In August, 1985, a 15-year-old reported to his mother that, on a sleep-over with Wagner the night before at the rectory in Oconomowoc, Wagner had provided the teen with alcohol and that the teen woke up with Wagner in a sexually compromising position. The mother went to the family doctor to discuss what had happened. The doctor tried to persuade her from making the matter public but eventually accompanied her to report the incident to the police after first confronting Wagner, who admitted to what had gone on.
The police investigated the matter over an eight-month period. In a police interview, Wagner gave the requested list of names of boys and young men. In each case, he stated whether or not he had given them alcohol. In each case he stated whether or not there had been physical contact. In several instances, he describes what he refers to as “cradling” the boy, whereby he would encircle the boy with his arms; this occurred while the boys were asleep. He admitted to being on camping trips with boys where they shared a small tent and there was perhaps a touching of the boy’s hips while the boy slept.
He also described an incident with a 16 or 17-year-old boy who stayed overnight at Oconomowoc. Wagner admitted that he had given him alcohol and that they had lain together in “a sexually oriented position” but that they were clothed.
In March, 1986, Bishop Sklba was contacted by a parent with an inquiry about a visit by the police asking questions of their teenage child. Bishop Sklba recommended that they cooperate to ensure that there were no unfounded accusations. Wagner was represented by attorney Gerry Boyle who worked with the police on arranging an agreement on the disposition of the case.
In April, 1986, Bishop Sklba was informed by Wagner that no charges would be filed but that reassignment might be ordered. In the arrangement worked out between Waukesha County Assistant District Attorney Steven Centenario and Gerry Boyle, Wagner was to begin receiving treatment and was to be moved out of the parish. Wagner was transferred to St. Louis Parish, Fond du Lac. The archdiocese was not given a copy of the agreement as it was retained by Wagner’s attorney. The archdiocese did not obtain a copy of the police reports.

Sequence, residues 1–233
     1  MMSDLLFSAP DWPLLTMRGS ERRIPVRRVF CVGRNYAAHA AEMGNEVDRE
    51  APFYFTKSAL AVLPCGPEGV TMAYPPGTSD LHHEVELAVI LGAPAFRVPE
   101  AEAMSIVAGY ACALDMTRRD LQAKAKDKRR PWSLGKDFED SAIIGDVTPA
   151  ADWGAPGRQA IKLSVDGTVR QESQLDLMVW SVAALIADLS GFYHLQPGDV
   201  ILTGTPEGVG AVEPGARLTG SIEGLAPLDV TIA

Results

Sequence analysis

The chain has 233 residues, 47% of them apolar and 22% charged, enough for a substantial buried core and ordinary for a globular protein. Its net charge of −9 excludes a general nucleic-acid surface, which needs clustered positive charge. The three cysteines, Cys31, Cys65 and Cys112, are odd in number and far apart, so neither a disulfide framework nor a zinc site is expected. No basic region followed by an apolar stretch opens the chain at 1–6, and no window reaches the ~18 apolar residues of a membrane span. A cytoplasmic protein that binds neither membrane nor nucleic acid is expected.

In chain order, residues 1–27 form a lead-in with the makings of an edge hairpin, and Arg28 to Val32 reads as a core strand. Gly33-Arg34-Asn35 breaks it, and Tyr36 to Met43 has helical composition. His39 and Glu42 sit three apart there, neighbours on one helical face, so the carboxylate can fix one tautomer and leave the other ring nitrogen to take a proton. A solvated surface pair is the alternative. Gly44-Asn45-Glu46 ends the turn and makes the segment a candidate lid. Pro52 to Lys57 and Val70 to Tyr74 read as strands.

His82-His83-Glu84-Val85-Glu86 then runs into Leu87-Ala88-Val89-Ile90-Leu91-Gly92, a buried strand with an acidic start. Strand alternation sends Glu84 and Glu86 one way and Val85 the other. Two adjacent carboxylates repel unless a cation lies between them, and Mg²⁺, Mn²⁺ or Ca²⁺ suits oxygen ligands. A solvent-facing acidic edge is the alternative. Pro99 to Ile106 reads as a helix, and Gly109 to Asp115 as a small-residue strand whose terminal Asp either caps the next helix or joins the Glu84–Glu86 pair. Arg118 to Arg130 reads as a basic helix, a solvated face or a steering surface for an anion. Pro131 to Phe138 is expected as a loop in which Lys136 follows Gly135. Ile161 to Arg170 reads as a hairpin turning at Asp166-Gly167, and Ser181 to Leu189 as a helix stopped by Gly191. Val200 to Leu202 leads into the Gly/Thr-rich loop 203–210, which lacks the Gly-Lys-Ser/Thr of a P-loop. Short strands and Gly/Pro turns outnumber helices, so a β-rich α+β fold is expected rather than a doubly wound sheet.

In May, 1986, a parent wrote to Bishop Sklba complaining about the fact that Wagner had returned to Oconomowoc for their teenager’s confirmation when that teenager was one of the individuals to whom Wagner gave alcohol. Further anger was expressed about the fact that Wagner was treated leniently, that excuses for his giving alcohol to teenagers were made, and that he was transferred to another parish where there would also be teenagers.
In November, 1986, Wagner informed Bishop Sklba that he had received a letter from a parent whose teenager had gotten into legal trouble over alcohol. Bishop Sklba also received a letter from the same parent complaining that the teenager was in trouble with the law and that Wagner had led the teen to this behavior and yet was treated more leniently than the teen.
In October, 1992, Bishop Sklba received a phone call from a Fond du Lac County social worker about a conversation between some Fond du Lac detectives that was overheard. They remarked about allegations against Wagner that had taken place in another county.
In February, 1993, Father Tom Venne, vicar for clergy, received a call from Wagner who was upset about a Milwaukee Journal article about an unidentified priest who gave alcohol to a minor in Waukesha County in 1985. The archdiocese had been contacted by the reporter prior to the publication of the article to inquire about the handling of the case. Archbishop Weakland responded that, since no charges were filed, the priest’s name should not be used. He said that the only elements of the agreement about which he had information were that the priest was to get counseling and be given a new assignment.
In November, 1993, Dr. Liz Piasecki, director, Project Benjamin, received information about a reporter having the 1986 police report which shows Wagner admitted to being in a sexually oriented position with a minor. Dr. Piasecki and Father Barbian, from the Priest Placement Office, met with Steven Centenario of the Waukesha County District Attorney’s Office to request the original report. Mr. Centenario stated that Wagner’s file had been lost but that he recalled that part of the agreement was that Wagner was to be reassigned to a ministry where there would be no contact with minors. They then met with Police Chief Bord in Fond du Lac. The Chief had a copy of the Waukesha report in his desk. He said he received it from someone in Oconomowoc who had an interest in the case. The Chief would not show them the police report because it had the names of minors in it. He said they were keeping an eye on Wagner.